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Monday, 24 September, 2007 5:42 PM

"Astronomy At The Beach" Unveils NASA's Orion Mission To The Moon

PHOTO BY MIKE WRATHELL / AMERICAJR.com

A crowd of star-gazers looks at the Moon in its waxing gibbous phase.

by Mike Wrathell
mwrathell@yahoo.com

 

 

If you have kids, you really should take them to the annual "Astronomy At The Beach" event that takes place at Kensington Metropark on the last weekend of summer. Amateur astronomy clubs from Warren and all over southeast Michigan converge to share their high-powered telescopes with the general public, NASA brings a speaker every year, and both Friday and Saturday nights a celestial buff at 10 p.m. leads a guided tour of the constellations with a green laser pointer.

This year, the 11th year of the event, NASA's Robert Landis, who is involved in many current missions such as the rovers on Mars and the Cassini mission to Saturn and its moon Titan spoke about the 2008 mission to orbit the Moon with a satellite, and the American goal of our manned return to the surface of the Moon in 2019. He also showed some awesomely-detailed slides of Jupiter, Andromeda, and many other celestial objects.

Following his lecture, Kevin Dehne—Assistant Professor of Physics and Astronomy for Delta College near Bay City, broke out his green laser pointer with a range of 26 miles and illuminated the night sky with a guided tour of the constellations. He showed us the North Star, Cassiopeia, Perseus, The Summer Triangle, The Northern Cross, and many others, giving the Ancient Greek tales behind them, as well.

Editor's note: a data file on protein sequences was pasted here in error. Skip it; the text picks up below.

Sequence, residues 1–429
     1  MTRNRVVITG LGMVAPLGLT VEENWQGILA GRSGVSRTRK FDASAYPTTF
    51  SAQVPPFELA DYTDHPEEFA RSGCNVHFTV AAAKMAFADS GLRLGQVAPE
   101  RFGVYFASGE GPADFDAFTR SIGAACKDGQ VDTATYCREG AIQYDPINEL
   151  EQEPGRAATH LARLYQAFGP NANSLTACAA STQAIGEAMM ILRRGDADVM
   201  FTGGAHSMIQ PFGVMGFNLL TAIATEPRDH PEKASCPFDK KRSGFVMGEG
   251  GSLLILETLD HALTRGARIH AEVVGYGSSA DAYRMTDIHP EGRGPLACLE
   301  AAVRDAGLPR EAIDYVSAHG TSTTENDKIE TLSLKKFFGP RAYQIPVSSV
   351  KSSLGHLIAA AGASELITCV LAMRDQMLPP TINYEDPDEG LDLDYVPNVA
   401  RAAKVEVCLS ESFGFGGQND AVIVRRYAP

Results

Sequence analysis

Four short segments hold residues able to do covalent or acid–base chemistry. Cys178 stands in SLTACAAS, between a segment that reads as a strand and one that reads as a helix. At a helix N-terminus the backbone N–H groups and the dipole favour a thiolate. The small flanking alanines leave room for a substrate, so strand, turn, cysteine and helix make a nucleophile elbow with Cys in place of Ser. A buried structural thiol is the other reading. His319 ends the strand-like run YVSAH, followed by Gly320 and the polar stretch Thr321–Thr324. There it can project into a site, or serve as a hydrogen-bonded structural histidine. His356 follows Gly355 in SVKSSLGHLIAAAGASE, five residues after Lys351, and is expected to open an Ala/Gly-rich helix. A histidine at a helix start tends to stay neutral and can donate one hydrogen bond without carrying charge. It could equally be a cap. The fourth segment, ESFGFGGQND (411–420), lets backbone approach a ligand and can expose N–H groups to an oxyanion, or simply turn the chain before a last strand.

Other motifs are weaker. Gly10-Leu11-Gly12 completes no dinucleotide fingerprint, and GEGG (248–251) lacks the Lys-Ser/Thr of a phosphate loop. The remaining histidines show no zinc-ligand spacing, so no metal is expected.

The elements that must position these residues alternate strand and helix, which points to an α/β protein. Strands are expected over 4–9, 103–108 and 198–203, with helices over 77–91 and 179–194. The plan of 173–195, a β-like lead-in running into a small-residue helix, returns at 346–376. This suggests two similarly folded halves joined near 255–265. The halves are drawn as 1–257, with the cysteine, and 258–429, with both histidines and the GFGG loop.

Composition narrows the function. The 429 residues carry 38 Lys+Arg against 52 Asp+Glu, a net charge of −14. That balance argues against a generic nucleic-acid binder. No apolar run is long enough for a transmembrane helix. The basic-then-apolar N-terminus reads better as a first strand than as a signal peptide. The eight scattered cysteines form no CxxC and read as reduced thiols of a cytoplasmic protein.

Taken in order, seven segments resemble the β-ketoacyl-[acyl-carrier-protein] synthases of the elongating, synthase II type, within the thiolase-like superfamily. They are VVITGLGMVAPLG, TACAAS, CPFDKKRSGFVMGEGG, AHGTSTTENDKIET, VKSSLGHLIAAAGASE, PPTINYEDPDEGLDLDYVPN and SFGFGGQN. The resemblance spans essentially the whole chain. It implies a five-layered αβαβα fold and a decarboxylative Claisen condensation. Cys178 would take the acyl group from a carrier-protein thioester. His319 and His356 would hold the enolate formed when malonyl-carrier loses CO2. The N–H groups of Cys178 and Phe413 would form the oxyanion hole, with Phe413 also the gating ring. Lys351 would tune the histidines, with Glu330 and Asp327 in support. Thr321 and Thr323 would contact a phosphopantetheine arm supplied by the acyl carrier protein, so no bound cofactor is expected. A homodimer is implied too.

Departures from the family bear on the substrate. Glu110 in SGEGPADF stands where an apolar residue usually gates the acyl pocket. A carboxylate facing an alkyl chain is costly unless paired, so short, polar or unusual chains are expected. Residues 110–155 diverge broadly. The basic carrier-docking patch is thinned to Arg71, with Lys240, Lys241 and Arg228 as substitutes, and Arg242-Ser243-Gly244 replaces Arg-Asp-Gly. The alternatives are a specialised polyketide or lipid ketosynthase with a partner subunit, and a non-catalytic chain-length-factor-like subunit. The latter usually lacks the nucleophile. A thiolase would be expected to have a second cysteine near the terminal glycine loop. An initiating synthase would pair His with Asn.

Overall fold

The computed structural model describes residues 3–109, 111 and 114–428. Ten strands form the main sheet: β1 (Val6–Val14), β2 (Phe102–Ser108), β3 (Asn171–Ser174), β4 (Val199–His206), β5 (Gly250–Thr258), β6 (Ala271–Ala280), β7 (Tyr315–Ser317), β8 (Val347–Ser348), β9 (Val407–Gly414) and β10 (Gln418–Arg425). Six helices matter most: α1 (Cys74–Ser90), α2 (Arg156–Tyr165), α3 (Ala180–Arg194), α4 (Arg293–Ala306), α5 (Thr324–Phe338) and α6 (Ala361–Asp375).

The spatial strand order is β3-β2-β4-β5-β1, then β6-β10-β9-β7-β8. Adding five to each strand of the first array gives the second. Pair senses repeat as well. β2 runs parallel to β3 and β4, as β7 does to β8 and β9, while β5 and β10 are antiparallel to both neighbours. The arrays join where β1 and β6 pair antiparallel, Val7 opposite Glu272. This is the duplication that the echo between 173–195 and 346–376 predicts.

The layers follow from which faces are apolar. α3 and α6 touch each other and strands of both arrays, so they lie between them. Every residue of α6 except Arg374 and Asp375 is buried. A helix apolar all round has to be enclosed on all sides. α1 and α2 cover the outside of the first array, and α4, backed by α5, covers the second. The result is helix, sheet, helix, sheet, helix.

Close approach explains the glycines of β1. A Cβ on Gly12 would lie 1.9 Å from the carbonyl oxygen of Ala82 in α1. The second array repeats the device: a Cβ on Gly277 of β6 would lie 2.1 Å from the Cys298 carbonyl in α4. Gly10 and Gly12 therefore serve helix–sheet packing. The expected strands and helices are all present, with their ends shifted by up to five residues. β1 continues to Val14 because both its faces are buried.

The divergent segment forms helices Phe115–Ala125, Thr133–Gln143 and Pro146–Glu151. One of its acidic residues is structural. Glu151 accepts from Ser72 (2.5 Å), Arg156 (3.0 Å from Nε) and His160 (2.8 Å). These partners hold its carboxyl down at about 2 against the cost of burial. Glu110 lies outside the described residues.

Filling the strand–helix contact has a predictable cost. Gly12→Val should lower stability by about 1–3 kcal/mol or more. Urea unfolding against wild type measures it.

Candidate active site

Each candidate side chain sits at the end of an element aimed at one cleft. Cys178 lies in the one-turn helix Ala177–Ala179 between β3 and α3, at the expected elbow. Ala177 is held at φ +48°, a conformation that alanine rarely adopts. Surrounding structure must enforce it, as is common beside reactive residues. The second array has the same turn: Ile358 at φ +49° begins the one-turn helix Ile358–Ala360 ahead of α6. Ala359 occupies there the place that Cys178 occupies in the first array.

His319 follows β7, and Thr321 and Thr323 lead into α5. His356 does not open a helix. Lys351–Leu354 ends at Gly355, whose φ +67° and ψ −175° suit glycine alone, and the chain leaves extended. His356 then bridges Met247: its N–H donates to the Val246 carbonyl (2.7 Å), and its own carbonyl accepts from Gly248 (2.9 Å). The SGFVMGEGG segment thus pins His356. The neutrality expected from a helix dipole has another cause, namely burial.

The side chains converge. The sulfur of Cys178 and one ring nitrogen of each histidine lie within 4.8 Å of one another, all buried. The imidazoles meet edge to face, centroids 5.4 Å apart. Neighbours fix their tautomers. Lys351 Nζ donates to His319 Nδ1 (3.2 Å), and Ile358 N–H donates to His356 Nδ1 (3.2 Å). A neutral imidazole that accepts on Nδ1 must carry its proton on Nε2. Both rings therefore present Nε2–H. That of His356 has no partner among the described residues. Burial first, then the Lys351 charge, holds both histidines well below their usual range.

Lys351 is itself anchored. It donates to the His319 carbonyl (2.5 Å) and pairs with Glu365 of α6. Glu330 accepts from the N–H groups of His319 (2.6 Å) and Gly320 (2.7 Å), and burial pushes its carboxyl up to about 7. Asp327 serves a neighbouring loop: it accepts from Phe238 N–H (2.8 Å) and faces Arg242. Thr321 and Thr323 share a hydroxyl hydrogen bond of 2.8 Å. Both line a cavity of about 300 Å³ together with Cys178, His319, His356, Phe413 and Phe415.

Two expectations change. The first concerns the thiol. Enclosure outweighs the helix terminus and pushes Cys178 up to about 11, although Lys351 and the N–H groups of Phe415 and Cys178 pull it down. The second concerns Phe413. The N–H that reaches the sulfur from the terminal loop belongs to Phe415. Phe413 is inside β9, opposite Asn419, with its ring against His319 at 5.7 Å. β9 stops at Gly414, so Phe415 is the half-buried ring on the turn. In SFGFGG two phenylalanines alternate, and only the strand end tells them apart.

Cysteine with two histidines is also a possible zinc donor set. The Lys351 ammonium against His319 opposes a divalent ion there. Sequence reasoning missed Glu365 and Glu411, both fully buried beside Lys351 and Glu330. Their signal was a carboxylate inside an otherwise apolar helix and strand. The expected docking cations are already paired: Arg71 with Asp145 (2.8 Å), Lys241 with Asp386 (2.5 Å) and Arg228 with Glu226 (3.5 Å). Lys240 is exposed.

Both the children and the adults who stayed for the ten o'clock lecture on the sands of Martindale Beach were fascinated by his tour. The last time I had gone to the event was in 2004, and I can tell you that this laser pointer seemed to reach all the way to the stars. He even confirmed what I had thought was The Pleiades was indeed The Pleiades, a small star cluster/constellation Homer mentioned in "The Odyssey" and that Subaru uses in its logo.

Seeing Jupiter and three of its moons through a 24" diameter telescope is something you will remember for the rest of your life. The Moon looks pretty cool, too, through one of those puppies. Do you and your family a favor next September and come to Kensington's "Astronomy At The Beach" and learn something about the stars and the planets! You might meet an astronaut, too!

 

PHOTO BY MIKE WRATHELL / AMERICAJR.com

An astronomer readies his 24" telescope for the crowd
to see deep space objects, Jupiter, and the Moon.

 

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Copyright © 2007 AmericaJR.com. All Rights Reserved.
Unauthorized duplication or use of Text, Site Template, Graphics and or Site Design is Prohibited by Federal and International laws. See our Notice/Disclaimer and Privacy Policy.

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